A Living Fit Recipe: Tomatillo Salsa

Screen shot 2015-03-18 at 7.48.07 AM

I haven’t shared a recipe with you all in quite a while.
It seems about time, so I’m sharing a current favorite in my house: Tomatillo Salsa.
I know it might seem like unnecessary work to make your own salsa, when there is so much readily available at the market.
But once you taste the freshness of this home made salsa, you won’t mind the work a bit.
Besides, it takes less than 10 minutes to make.

If you are unfamiliar with the tomatillo, the first thing you might wonder about them is, “are they related to to tomato?”
You’d be right, they are.
But there are some differences.
The first being that unlike tomatoes, tomatillos grow with a thin, papery husk outside their firm skin.
Be sure you remove that before you prepare them.
They also taste much more tart and citrusy than tomatoes do.
They stay green in color, and don’t get as soft as tomatoes can get.

Screen shot 2015-03-18 at 8.03.29 AM

The tomatillo has many health benefits.
Among them are significant levels of dietary fiber, very few calories, and low levels of fat. Furthermore, they contain moderate levels of vitamin C, vitamin A, vitamin K, and niacin, as well as potassium, manganese and magnesium. Tomatillos possess withanolides and flavonoids such as lutein, zea-xanthin, and beta carotene.
In short, if you are going to add a little something extra to your salad, scrambled eggs, beans, or healthy tacos, this is a great way to get some added nutrition and flavor in there.

As I said before, this salsa is a current favorite at our house.
My kids love to help me make it.
And then to eat it.
I make a pot of pinto beans every week, and we all love it on top of the beans, or in burritos.
I love to use it as a dressing on my salads, it adds a citrusy, spicy kick.
I also love it on eggs, or in soup.

Screen shot 2015-03-18 at 7.48.25 AM

The original recipe is from Bon Appetite magazine, and it calls for roasting the tomatillos.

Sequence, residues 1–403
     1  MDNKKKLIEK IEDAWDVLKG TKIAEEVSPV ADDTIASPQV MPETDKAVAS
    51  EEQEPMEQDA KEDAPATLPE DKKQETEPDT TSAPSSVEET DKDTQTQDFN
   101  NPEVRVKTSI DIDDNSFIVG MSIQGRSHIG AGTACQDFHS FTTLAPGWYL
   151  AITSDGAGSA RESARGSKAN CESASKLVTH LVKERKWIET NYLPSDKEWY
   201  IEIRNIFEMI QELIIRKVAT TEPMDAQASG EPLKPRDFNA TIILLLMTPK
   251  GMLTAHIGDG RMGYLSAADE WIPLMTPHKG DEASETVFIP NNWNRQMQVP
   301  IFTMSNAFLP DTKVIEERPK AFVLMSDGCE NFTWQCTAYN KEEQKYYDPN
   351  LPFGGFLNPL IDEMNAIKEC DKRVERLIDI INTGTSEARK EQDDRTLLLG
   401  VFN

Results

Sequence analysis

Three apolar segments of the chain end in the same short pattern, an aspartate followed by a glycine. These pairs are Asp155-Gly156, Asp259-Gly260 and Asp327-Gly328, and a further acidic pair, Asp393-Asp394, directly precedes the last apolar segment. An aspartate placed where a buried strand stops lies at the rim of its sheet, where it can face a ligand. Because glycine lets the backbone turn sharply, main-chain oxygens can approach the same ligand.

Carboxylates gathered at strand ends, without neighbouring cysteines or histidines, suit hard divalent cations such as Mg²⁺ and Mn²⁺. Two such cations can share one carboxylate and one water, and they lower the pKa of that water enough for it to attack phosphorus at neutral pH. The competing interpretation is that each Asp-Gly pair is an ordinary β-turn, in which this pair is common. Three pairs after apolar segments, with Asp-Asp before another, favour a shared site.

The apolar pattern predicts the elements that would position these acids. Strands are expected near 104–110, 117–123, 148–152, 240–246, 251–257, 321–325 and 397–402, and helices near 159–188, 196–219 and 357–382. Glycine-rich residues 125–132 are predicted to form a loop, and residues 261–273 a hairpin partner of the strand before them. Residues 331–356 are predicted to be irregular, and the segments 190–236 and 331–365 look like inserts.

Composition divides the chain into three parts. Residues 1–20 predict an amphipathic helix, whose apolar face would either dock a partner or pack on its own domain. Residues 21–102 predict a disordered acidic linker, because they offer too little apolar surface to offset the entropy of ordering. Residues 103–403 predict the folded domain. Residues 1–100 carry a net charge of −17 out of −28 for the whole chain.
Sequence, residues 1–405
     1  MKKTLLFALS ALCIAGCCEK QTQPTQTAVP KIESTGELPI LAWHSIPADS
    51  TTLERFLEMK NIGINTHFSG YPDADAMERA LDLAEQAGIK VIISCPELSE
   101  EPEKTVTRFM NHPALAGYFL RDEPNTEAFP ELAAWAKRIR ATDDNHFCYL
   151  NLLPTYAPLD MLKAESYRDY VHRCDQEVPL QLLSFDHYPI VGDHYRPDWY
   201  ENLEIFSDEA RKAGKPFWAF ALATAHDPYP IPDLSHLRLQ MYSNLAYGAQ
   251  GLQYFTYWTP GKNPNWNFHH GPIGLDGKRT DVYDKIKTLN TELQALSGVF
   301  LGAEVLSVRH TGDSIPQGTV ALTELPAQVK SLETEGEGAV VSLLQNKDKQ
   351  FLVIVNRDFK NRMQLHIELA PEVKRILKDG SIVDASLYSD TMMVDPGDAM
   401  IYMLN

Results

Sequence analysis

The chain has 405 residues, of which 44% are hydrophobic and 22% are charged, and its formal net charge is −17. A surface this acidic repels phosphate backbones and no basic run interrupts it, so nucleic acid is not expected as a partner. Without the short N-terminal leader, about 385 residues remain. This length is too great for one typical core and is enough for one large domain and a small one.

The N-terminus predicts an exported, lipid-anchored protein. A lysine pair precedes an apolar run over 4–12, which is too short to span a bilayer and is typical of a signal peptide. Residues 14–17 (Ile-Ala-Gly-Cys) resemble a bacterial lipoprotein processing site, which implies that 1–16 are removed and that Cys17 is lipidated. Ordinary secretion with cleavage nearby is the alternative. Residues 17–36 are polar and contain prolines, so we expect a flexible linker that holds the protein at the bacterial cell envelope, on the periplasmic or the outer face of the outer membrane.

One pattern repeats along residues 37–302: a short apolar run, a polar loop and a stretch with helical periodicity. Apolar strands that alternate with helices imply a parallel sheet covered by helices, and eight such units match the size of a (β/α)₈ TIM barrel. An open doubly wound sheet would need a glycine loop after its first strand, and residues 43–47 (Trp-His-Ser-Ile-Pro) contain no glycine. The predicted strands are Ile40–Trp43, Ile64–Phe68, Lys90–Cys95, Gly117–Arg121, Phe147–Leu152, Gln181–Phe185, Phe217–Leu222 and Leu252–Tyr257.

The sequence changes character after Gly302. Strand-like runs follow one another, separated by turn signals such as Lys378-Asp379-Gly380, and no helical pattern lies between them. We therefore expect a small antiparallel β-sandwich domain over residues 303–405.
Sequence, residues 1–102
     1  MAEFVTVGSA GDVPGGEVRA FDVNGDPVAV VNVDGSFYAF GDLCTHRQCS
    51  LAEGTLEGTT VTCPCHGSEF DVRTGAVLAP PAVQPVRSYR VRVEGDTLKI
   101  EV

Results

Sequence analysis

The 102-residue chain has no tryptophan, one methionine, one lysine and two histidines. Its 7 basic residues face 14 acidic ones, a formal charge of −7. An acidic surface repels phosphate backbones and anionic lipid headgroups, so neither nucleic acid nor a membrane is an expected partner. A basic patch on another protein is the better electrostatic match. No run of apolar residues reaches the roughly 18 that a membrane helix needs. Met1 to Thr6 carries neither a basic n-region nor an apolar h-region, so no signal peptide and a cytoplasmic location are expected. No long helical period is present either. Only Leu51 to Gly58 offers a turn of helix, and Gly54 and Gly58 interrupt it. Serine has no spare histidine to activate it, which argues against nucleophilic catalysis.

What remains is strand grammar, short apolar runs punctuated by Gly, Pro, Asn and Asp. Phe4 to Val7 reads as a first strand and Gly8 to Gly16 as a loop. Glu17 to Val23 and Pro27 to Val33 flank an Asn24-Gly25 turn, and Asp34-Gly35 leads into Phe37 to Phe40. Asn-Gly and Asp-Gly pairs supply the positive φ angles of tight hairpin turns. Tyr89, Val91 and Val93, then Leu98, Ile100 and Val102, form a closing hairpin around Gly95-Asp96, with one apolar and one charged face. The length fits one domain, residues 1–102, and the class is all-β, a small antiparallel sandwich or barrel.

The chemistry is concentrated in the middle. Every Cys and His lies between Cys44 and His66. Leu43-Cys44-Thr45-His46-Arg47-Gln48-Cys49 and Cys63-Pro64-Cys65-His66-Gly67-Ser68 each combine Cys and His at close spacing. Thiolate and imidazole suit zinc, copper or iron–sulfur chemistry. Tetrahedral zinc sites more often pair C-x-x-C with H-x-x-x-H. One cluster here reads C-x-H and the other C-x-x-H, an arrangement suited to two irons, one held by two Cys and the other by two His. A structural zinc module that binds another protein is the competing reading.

I like them prepared that way, it makes for a richer, smoky flavored salsa.
But most of the time, we just make ours with raw tomatillos, and the salsa is very light and fresh tasting.
You can experiment with both to find your favorite method.
Making this salsa would be a good excuse for visiting the farmers market and finding your ingredients there.
It will be that much more delicious with fresh from the farm ingredients, right?

Tomatillo Salsa 
1 lb husked, quartered, and rinsed tomatillos
1/2 cup coarsely chopped onion
1 smashed garlic clove
1 coarsely chopped serrano or jalapeno  chili (seeds and veins removed to lessen heat if desired)
1/4 cup fresh cilantro leaves
Salt to taste
To Make:
Place all ingredients in blender or food processor (I prefer a food processor)
and puree.
Check for desired constancy and if salsa is too thick, add a tiny bit of water.
Salt to taste
That’s it!!

For the roasted version, simply roast the husked and rinsed whole tomatillos, the whole onion and the whole chili in a 350 degree oven until everything is soft.
Then follow the directions for making the salsa.

I hope this inspires you to add more home made, fresh, healthy food to your diet.
The more I do, the better my cooking tastes, and the more I want to experiment with new recipes.
And if you do decide to go the traditional route and try this salsa with chips, don’t tell our trainers that it’s my fault, OK?
Now keep on LIving Fit!